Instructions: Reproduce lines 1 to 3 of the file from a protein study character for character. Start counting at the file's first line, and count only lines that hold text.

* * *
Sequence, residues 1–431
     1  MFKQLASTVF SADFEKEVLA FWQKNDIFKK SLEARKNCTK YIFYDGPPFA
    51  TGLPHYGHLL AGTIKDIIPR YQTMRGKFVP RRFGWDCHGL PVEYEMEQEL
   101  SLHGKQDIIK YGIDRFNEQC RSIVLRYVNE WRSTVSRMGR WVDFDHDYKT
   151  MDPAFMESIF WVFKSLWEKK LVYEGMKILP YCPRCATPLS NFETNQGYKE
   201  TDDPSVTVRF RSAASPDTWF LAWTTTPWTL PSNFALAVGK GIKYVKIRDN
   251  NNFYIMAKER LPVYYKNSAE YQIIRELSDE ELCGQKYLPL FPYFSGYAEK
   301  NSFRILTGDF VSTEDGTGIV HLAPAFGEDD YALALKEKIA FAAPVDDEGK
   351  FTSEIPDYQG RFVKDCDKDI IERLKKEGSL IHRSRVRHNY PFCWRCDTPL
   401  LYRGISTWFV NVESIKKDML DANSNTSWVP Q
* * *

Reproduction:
Sequence, residues 1–431
     1  MFKQLASTVF SADFEKEVLA FWQKNDIFKK SLEARKNCTK YIFYDGPPFA
    51  TGLPHYGHLL AGTIKDIIPR YQTMRGKFVP RRFGWDCHGL PVEYEMEQEL